What Age Will I Appear in Heaven?
What Age Will I Appear in Heaven? (Episode 363)
The following is a transcript of the audio.
Randy Alcorn joins us one last time for Heaven Week, filling in for John Piper. Randy, I have one last question for you—for now at least. We know the human body changes radically from conception to age 90. So at what stage in bodily progression will our resurrected bodies appear? We are told there will be children in heaven. Will there be elderly folks? Will there be a range of age appearances? Will we appear the age in which we died (like Jesus, apparently) — or younger or older? Or will everyone appear to be 25-years-old, in the prime of life?
This is another one of those areas where we have to speculate. We don’t have the direct biblical teaching on this, but we do have the direct biblical teaching of having real actual human bodies as created by God not subject to sin and death and suffering. We have the continuity of the appearance that we would assume that as Jesus looked like the Jesus that he was, we will look like the people that we were. You will look like Tony. I will look like Randy. We will be able to recognize each other, all that.
But I think in terms of the challenge of when an elderly person dies will that person look elderly, we would assume not, because there is a peak of physical vitality in this life and whatever that age is I know I am passed it.
But maybe it was the 20s. I don’t know. But... so we still have the benefits of having many good things about us that we develop more with age, but physically there is the passing of a peak. And this is why historically many theologians speculated—it was all speculation, I guess you would have to say—that it was perhaps the age of Jesus when he died, you know, our perfect Savior and often believing that he died either at age 30 or age 33, depending on different perspectives. And Peter Lombard argued that, medieval theologian.
Thomas Aquinas made the same arguments that Christ when he died he said was 33 and therefore we will all be 33 in the resurrection. Well, I am not sure you can totally fall for that logic, but it is a great thought. It is a great idea and it is certainly possible. And I think that one of the interesting dynamics of what age we will be in heaven comes from an understanding of all the research that has been done on DNA, because DNA... if our resurrected bodies have DNA and DNA could actually be a means that God uses, of course, he doesn’t need to use a means, but when they found the DNA of these, you know, Egyptian Pharaohs that are thousands of years old, it is actual DNA and if we had the ability to do, could reconstruct a person, a clone, but, you know, and that itself, I think, suggests that there could be a continuity between us at our peaks.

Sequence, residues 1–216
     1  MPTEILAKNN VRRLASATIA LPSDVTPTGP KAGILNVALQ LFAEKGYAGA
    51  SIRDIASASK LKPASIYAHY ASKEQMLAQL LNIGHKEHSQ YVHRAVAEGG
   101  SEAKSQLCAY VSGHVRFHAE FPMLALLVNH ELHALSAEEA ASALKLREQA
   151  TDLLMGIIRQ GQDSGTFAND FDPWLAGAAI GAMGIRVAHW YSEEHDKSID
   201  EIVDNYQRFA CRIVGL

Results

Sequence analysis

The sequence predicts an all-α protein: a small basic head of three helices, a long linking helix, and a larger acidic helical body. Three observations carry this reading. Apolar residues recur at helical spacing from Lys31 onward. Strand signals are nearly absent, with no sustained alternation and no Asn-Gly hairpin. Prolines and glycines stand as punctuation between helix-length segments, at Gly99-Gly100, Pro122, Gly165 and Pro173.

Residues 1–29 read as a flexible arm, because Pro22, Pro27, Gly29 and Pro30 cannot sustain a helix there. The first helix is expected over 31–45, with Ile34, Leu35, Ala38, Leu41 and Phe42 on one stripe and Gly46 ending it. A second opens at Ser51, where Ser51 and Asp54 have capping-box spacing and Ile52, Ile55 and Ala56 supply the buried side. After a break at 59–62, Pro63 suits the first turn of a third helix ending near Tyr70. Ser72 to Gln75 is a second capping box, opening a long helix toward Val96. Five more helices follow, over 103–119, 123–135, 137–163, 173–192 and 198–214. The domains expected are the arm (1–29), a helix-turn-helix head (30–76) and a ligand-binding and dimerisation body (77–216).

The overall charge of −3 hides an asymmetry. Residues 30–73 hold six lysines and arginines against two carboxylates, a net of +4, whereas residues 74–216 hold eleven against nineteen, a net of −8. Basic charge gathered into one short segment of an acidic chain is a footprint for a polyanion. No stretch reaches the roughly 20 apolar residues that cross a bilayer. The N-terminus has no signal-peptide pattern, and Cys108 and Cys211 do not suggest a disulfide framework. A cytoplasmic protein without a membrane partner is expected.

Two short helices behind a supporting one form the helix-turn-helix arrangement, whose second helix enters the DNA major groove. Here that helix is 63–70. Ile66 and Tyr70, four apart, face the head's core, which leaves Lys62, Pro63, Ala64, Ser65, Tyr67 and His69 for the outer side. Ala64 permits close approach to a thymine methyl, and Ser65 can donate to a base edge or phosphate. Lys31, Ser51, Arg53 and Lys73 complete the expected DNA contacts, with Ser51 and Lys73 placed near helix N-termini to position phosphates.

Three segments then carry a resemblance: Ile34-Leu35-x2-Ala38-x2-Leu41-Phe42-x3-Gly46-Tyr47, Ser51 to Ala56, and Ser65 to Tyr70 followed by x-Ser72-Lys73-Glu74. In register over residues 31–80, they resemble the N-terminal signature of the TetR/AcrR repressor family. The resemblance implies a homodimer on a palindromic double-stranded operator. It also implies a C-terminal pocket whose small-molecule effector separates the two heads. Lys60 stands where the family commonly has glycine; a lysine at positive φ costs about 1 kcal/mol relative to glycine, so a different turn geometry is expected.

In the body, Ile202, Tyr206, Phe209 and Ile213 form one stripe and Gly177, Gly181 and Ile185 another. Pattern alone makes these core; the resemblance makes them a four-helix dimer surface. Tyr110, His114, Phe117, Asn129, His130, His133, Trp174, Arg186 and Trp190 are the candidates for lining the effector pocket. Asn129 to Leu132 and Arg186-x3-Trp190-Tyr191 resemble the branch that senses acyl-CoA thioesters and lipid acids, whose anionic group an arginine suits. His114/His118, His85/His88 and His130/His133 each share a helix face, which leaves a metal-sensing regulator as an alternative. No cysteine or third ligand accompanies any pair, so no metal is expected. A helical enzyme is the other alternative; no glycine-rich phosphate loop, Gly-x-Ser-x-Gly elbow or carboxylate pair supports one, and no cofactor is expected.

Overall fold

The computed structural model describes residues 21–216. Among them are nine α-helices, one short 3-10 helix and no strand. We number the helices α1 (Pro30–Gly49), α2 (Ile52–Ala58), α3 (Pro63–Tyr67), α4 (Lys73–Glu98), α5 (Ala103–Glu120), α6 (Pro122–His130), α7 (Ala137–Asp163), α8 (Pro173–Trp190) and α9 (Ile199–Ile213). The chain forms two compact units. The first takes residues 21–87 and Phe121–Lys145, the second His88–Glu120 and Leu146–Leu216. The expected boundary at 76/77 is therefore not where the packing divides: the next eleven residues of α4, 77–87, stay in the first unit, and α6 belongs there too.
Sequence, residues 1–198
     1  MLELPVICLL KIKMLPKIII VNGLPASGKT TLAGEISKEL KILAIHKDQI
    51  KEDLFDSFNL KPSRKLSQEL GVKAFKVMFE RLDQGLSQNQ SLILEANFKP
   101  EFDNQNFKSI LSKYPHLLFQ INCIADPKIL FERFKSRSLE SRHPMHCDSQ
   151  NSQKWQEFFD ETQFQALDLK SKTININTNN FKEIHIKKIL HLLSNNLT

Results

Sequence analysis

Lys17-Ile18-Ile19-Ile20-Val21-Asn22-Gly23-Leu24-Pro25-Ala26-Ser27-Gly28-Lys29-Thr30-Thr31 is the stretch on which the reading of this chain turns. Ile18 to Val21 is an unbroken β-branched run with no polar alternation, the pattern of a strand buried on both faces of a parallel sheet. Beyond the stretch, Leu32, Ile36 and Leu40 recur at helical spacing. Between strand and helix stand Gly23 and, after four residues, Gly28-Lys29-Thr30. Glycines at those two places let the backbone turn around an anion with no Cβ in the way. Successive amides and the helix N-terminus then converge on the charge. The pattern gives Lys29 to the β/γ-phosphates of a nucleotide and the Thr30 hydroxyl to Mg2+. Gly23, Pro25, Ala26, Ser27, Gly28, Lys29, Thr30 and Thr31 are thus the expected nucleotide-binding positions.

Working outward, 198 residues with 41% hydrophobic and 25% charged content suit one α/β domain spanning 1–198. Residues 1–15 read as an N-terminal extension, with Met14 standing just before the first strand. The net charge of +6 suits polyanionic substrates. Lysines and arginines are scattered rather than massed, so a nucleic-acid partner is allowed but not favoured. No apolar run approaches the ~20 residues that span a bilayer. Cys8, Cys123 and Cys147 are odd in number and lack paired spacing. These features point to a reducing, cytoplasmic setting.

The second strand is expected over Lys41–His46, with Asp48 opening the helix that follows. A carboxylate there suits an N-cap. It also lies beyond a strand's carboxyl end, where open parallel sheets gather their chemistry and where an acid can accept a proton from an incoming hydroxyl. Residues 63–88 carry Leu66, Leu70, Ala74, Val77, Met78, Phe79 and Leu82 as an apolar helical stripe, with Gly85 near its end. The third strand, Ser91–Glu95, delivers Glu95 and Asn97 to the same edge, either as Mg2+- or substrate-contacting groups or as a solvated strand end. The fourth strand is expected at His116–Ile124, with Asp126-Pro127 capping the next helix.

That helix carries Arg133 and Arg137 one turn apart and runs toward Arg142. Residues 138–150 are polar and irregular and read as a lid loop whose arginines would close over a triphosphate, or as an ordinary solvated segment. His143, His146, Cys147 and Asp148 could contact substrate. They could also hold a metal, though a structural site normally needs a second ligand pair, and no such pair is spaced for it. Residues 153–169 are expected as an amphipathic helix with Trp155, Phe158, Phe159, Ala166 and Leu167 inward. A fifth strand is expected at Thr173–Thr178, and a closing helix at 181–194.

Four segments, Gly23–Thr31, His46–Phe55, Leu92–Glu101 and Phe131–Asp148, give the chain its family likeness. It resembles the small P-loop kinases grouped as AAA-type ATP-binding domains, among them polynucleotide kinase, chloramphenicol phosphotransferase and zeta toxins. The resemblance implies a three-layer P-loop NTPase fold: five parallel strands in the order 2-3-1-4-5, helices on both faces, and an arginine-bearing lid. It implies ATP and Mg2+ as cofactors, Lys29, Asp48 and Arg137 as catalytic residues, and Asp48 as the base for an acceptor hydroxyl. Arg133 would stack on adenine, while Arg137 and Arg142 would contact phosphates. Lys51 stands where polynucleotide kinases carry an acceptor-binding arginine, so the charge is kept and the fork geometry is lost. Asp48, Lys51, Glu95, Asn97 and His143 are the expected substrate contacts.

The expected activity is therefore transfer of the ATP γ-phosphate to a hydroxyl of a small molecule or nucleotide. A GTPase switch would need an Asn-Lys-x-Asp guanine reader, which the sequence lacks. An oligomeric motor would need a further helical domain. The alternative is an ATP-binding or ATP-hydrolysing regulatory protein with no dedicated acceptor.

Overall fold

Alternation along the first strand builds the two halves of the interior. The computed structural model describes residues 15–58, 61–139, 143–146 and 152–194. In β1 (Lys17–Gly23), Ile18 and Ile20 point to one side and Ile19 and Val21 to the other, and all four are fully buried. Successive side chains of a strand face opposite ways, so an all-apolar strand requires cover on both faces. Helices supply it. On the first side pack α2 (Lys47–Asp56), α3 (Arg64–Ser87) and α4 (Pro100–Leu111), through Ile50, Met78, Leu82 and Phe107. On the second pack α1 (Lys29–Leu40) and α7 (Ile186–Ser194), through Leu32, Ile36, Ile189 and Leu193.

Now then the question in the resurrection and so that the older person becomes a younger person again, but in a body without suffering. However, what about those who have never reached that peak? What about children who died? Well, we do have those passages in Isaiah 11 and Isaiah 65 that seem to clearly have some children on the new earth. And so I think one possibility with that is they could be resurrected at the age they were when they died. If that is the case then God would not fast forward. He would not skip any stage. And I think in some ways that would almost make sense that there would not be a skipping of stages, but that they as children could literally grow up on the new earth.
Now if that is the case — and that is speculation — but to me it would fit beautifully with Luke six and other passages where God brings comfort to the mourners and in the sense of you have been through this, but I will compensate in the world to come in the resurrection. You have experienced mourning. I will give you laughter. You were deprived of raising a child who died at a young age. Maybe you will be able to be there with your child as he or she grows up on the new earth without threat of death, harm, abuse or anything else. And to me somehow I just believe it would be just like our God to perhaps do that. And then the rejoicing there will be in contrast to the loss and the misery and the suffering on earth will be celebrated for all eternity because everybody will know: You know what? I loved raising my kids on the old earth, but, wow, to have grown up here.
And with that profound thought, Heaven Week must come to an end. Such a rich week, thank you Randy! There’s so much more to learn and discuss about heaven. For more see Randy’s bestselling book, simply titled Heaven. And be sure to check out his ministry, Eternal Perspective Ministries online at epm.org. We appreciated hearing from our first podcast guest Randy Alcorn, and perhaps well do this again in the near future. But next week we return with all new episodes from John Piper. Monday, I’ll ask Pastor John if wedding and engagement rings are a waste of money. Until then, I’m your host Tony Reinke, thanks for listening to the Ask Pastor John podcast. Have a great weekend!